How Many Hours and Miles Does it Take to Get Really Fit?
by Robert Warren Hess
The answer, as you might guess, is “it depends.” Today was my fourth session at the velodrome since I started training in February. I can already see that I’m improving.
This series of posts is about my forthcoming trip to the Master’s World Track Cycling Championship in Manchester, England in October. Cycling has been a key part of my anti-cancer battle plan for the past 12 years. I love goals, so competing at Manchester is great motivation to keep me riding. But, more about that later.
If you are following these posts, I hope you’re getting excited about getting back on your bicycle – or perhaps getting one for the first time.
Last night’s stats …
– 39.5 miles
– maximum speed 33.88 mph
– maximum cadence was just about 120 rpm
– the workout intensity was high, but I felt great afterwards
Robert’s Track Bike
A number of people have asked me about my equipment, so below is a picture of my current track bike. It’s a Fuji Track Pro (vintage 2006) with Zipp 808’s front and rear. I currently have Shimano Dura Ace 170mm cranks installed, but I’m changing those to a SRAM Omnium setup with shorter 165mm cranks, which are easier to accelerate. I’ve been training with an over-geared 103 gear inch set up. For last night, though, I dropped down and rode a 90.64 gear inch combination which is much easier to accelerate. I’ll be riding the 90.64 on Sunday for my first competition of the year. Sunday will give me a baseline of my fitness and time for the 500 meter time trial, which is the event I will be racing in Manchester in October.
Why I Ride
As you know, this is a prostate cancer blog and almost everything we post is about prostate cancer prevention or preventing its recurrence.
I’m a 12-year prostate cancer survivor and I’m in the zone where the cancer returns if its going to. As you can imagine, I do everything I can to minimize the risk of recurrence. That’s one of the big reasons I ride.
If you’ve read previous posts, you know that research is more and more showing that exercise is an important factor in preventing any kind of cancer. Combine exercise with proper nutrition and you have a powerful anti-cancer punch.
Following my treatment in 2003, I got back on my bike and started to ride. Since then, I’ve ridden more than 25,000 miles. Those miles have kept me fit, changed my eating habits, and given me much needed peace of mind.
The result is that I am in much better health. I can ride a Century 100 mile bike ride with ease. I lost 15 pounds and I’m now just 3 pounds above my ideal body weight. And, those hours on the bicycle have taken my mind off of the cancer monkey on my back. It’s still there, but I know that I am doing everything I personally can to make my body as inhospitable as possible to cancer’s return.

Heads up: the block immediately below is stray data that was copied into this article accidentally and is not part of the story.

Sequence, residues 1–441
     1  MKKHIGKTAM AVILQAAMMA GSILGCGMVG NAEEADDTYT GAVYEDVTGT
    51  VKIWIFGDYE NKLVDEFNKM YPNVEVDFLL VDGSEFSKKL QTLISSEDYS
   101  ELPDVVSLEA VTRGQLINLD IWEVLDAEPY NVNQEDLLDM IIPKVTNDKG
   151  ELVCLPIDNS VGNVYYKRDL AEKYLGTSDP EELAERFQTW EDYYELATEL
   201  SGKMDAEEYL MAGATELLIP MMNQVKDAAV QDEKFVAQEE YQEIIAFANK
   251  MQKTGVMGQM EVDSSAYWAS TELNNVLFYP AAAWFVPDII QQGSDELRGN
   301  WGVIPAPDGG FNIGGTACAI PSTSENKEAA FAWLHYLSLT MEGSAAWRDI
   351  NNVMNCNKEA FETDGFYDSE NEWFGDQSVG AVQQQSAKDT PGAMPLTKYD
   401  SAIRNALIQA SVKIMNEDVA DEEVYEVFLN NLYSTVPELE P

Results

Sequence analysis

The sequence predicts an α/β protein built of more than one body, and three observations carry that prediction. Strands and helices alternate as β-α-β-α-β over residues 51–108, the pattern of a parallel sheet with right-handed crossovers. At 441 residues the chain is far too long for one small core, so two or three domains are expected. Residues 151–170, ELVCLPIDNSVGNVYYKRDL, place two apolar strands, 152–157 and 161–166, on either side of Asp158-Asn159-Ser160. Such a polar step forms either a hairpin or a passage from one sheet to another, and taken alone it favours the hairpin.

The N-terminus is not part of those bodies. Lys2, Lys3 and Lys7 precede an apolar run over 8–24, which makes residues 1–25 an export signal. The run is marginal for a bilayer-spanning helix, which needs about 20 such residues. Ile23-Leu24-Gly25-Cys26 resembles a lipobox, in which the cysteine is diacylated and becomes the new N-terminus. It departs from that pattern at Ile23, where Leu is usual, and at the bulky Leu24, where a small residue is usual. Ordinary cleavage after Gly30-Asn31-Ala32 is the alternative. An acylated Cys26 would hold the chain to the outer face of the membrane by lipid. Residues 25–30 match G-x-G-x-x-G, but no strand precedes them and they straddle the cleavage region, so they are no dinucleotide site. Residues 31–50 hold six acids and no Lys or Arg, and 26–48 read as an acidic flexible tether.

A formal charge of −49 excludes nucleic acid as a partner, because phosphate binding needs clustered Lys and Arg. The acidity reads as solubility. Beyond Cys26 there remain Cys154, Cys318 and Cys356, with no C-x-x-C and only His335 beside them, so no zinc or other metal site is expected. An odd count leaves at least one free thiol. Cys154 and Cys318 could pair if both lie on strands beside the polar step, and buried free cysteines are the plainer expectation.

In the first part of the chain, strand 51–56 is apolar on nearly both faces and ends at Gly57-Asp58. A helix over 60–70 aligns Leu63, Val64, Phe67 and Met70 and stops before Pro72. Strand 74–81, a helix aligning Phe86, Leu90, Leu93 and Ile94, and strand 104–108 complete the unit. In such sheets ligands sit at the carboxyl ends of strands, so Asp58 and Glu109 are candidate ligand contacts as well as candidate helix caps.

Consistency is Always Important -in Everything!
I try and be as consistent as possible with my exercise program and my food choices. But, I’m only human, so I follow Tim Ferris’s “bad food day” concept. For six days of the week I eat pretty much the same boring meals, keeping a close eye on the amount of carbs I take in and the total number of calories. [I’m using MyFitnessPal for tracking my eating habits and I love this app. i’ll be doing a future post on my experience with it.]
I also try and exercise on at least four days of the week. I ride my bike three days a week, hit the gym for weights for one day, and walk with my wife on at least three days. And, ideally, I get in one hour of yoga each week.
The key point I’m trying to make is that beating cancer takes a good plan and consistent execution. For me, cycling makes it so much easier.
PSA Test Day – Still at 0.02
Yesterday was my semi-annual PSA blood test and my PSA is once again just 0.02. Right where it was 6 months ago. I’m convinced that my exercise program and improved eating habits are keeping my prostate cancer at bay. I track my PSA at my ProstateTracker account – http://ProstateTracker.org.
Join our Around the world Cycling Club
I believe that cycling is such a great anti-cancer tool that I created a special Around the World Cycling jersey for people who ride the distance around the world – 24,901.6 miles. Just click the following link for details – Tell me about the PCAP Around the World Cycling Program.
And, you don’t need to do it all at once. I did it over 10 years, but you can do it much more quickly. Here’s all you need to do …
- Click on the link for details –PCAP Around the World Cycling Program
- Throw your leg over your bike and start riding
- Email us when you’ve covered your miles [you keep track yourself. It’s an honor system.]
- Earn your jersey and all of the health and happiness that goes with those miles.
Create Your Free ProstateTracker Account
If you haven’t already, activate your free prostate cancer early detection tool at http://ProstateTracker.org.